Excuse the extended pause. There was a little uncertainty about whether excerpting the book on Crowdsourcing.com, but that's been resolved and now we're back on track. The best argument for doing this is the quality of the comments I received on my first excerpt. So without further delay, I offer you another selection from my second chapter, after the jump.
The Reign of the Dilettante
Although the technologies behind this latest surge in amateur activity are new, the impulse itself has a venerable history. Before the age of television or spectator sports, recreation took forms scarcely recognizable to us today. So it comes as some surprise to learn that botany—the collecting, identifying and classification of all manner of flora—ranked as one of the most popular pastimes of the 19th Century. Calling themselves “botanizers ,” legions of amateurs fanned out across the abundant American forests, marshes, prairies and deserts armed with guidebooks and specimen cases. Amateur botanists discovered a vast number of new species, and were duly encouraged and mentored by the few professional botanists working at the time.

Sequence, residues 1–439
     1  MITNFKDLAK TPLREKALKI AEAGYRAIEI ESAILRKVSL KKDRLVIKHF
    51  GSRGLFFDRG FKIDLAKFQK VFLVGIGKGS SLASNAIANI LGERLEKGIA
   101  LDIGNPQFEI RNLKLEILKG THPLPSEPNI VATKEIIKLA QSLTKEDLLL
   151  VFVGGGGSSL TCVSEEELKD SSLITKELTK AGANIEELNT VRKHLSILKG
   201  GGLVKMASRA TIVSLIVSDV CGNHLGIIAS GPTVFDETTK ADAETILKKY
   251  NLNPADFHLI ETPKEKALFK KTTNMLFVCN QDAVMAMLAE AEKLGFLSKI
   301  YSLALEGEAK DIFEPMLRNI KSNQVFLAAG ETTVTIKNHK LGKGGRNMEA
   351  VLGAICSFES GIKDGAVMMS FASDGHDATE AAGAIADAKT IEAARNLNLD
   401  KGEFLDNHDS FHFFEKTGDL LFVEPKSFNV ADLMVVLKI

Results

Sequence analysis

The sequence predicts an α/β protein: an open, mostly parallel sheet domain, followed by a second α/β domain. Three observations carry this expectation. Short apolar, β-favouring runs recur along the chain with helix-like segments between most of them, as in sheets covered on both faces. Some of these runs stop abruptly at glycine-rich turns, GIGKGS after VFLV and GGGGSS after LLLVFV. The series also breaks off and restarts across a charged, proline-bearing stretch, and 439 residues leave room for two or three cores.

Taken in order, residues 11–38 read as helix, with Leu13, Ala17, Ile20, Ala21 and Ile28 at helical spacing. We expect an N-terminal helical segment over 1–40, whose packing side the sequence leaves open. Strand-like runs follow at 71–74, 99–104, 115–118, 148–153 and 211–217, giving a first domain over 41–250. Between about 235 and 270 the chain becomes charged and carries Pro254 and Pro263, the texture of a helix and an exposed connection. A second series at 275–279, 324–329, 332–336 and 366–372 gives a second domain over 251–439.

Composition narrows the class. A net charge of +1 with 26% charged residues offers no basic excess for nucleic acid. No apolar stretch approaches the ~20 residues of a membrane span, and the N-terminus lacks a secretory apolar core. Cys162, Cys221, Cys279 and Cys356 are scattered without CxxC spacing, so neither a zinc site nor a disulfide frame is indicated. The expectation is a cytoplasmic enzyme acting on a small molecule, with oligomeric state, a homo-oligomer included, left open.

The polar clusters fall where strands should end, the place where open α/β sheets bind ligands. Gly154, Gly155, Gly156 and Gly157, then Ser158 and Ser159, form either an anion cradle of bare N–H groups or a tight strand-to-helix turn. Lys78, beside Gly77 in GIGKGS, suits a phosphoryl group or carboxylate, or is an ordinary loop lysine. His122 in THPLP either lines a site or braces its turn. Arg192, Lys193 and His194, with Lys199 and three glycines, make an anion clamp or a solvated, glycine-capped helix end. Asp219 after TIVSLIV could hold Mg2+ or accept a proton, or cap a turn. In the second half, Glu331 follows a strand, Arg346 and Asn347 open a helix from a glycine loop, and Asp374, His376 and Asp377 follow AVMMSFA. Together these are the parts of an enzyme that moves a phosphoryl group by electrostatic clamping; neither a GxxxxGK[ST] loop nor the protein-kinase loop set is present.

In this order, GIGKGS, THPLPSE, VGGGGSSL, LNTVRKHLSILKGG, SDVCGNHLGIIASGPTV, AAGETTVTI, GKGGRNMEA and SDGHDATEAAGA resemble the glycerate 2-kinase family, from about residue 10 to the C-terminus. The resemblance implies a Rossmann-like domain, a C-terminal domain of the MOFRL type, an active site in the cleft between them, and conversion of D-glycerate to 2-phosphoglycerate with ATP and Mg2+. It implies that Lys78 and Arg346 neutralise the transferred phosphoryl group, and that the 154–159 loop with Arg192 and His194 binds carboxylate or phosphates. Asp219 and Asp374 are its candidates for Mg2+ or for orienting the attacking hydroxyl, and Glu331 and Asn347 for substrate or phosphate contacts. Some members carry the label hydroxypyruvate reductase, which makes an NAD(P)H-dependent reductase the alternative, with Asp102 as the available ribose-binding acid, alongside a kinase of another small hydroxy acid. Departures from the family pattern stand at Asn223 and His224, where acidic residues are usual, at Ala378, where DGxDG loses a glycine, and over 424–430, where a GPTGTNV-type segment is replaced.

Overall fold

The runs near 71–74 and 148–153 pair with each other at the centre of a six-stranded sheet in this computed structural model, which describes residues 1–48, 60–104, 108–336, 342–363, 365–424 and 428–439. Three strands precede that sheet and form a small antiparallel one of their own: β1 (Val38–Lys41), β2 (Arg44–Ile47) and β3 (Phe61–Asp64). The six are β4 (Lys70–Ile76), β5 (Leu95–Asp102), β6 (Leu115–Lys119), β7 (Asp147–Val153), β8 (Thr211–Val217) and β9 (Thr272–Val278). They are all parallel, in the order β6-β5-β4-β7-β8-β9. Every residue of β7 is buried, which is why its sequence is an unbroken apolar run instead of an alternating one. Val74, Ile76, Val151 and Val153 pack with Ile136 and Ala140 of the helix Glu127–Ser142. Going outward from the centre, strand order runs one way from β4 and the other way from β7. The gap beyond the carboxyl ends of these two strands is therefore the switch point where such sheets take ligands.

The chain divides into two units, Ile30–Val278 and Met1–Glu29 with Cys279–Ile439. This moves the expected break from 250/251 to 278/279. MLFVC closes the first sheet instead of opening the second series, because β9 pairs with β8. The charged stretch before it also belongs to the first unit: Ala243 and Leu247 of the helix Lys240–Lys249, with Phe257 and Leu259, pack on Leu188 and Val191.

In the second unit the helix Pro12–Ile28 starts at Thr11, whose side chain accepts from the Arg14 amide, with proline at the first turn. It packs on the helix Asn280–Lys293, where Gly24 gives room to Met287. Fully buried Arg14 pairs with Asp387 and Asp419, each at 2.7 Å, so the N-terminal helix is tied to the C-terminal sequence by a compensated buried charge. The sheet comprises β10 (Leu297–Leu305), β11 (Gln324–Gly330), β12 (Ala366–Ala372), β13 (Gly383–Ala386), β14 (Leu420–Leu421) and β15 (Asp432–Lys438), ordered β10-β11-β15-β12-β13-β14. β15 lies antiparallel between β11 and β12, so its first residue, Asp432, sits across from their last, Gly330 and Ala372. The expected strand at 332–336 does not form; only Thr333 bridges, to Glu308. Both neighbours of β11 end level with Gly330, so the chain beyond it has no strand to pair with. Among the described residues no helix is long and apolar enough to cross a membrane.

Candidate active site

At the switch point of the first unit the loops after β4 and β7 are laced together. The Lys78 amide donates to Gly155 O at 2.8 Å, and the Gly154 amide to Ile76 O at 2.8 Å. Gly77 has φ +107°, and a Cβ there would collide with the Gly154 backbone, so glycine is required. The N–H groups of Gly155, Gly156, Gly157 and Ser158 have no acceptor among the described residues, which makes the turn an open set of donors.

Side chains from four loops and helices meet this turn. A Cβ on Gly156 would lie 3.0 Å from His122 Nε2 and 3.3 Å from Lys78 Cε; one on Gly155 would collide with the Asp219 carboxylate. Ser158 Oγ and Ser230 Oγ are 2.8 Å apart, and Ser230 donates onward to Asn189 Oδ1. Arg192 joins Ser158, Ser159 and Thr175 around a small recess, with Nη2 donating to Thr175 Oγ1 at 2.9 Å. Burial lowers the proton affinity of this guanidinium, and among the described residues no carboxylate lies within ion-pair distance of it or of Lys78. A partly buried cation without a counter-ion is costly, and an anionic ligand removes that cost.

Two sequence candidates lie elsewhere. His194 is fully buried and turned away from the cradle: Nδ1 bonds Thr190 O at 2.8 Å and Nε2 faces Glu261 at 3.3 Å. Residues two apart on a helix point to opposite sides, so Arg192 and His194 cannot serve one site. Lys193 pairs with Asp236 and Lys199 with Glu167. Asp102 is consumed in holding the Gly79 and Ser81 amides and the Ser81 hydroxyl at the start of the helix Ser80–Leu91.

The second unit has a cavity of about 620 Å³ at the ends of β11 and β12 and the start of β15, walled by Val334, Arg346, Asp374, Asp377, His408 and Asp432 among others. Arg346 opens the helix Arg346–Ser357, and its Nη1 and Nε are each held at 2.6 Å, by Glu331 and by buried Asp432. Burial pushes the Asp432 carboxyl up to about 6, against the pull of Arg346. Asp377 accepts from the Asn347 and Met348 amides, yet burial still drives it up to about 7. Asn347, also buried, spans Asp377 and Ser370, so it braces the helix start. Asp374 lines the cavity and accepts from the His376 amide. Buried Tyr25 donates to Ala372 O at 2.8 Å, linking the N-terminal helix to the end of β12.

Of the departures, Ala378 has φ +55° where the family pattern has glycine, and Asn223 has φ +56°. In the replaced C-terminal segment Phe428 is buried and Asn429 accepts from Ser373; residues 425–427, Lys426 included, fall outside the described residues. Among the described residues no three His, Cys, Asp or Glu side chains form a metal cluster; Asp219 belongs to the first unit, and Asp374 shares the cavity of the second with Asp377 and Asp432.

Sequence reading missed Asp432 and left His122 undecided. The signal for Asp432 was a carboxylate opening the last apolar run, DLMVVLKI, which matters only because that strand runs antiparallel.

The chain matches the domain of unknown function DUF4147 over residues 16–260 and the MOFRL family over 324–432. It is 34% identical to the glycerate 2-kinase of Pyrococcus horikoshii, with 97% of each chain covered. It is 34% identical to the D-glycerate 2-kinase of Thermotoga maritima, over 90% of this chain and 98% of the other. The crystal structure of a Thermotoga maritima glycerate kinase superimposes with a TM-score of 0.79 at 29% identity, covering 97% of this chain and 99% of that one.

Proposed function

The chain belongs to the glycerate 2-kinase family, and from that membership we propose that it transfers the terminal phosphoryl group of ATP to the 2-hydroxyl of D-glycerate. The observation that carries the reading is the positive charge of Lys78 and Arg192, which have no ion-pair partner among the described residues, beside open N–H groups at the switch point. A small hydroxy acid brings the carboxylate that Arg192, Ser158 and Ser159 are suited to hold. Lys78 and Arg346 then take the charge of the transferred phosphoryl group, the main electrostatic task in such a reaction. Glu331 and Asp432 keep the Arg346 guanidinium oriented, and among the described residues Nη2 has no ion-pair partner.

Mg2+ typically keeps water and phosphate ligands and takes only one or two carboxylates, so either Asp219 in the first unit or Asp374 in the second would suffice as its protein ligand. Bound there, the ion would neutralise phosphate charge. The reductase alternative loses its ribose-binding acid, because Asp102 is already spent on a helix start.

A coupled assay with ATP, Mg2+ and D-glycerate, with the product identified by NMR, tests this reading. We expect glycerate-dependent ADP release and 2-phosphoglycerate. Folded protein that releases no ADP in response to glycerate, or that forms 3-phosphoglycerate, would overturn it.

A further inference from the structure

All that changed in the twilight of the century, when botany filled with ranks of professionals increasingly jealous of their amateur counterpart’s contributions and dismissive of their abilities. In 1897 the professionals succeeded in having “nature study” removed from the academic curricula of American high schools, resulting in an immediate diminishing of interest in the field. Amateurs, it was felt, sullied an otherwise upstanding academic discipline. By the early years of the 20th Century botany along with the other sciences, had become professionalized.
More than a century of a professionalized academy has helped obscure the amateur roots of the arts and sciences, which evolved through the accomplishments of men and women who wore the mantle of amateur with great pride, and would have considered being called a professional an insult. Francis Bacon is one of the founding fathers of modern science, the inventor of the scientific method. But science was really something of a sideline for Bacon, who was better known in his time as a lawyer, writer, politician, courtier and rumored pederast.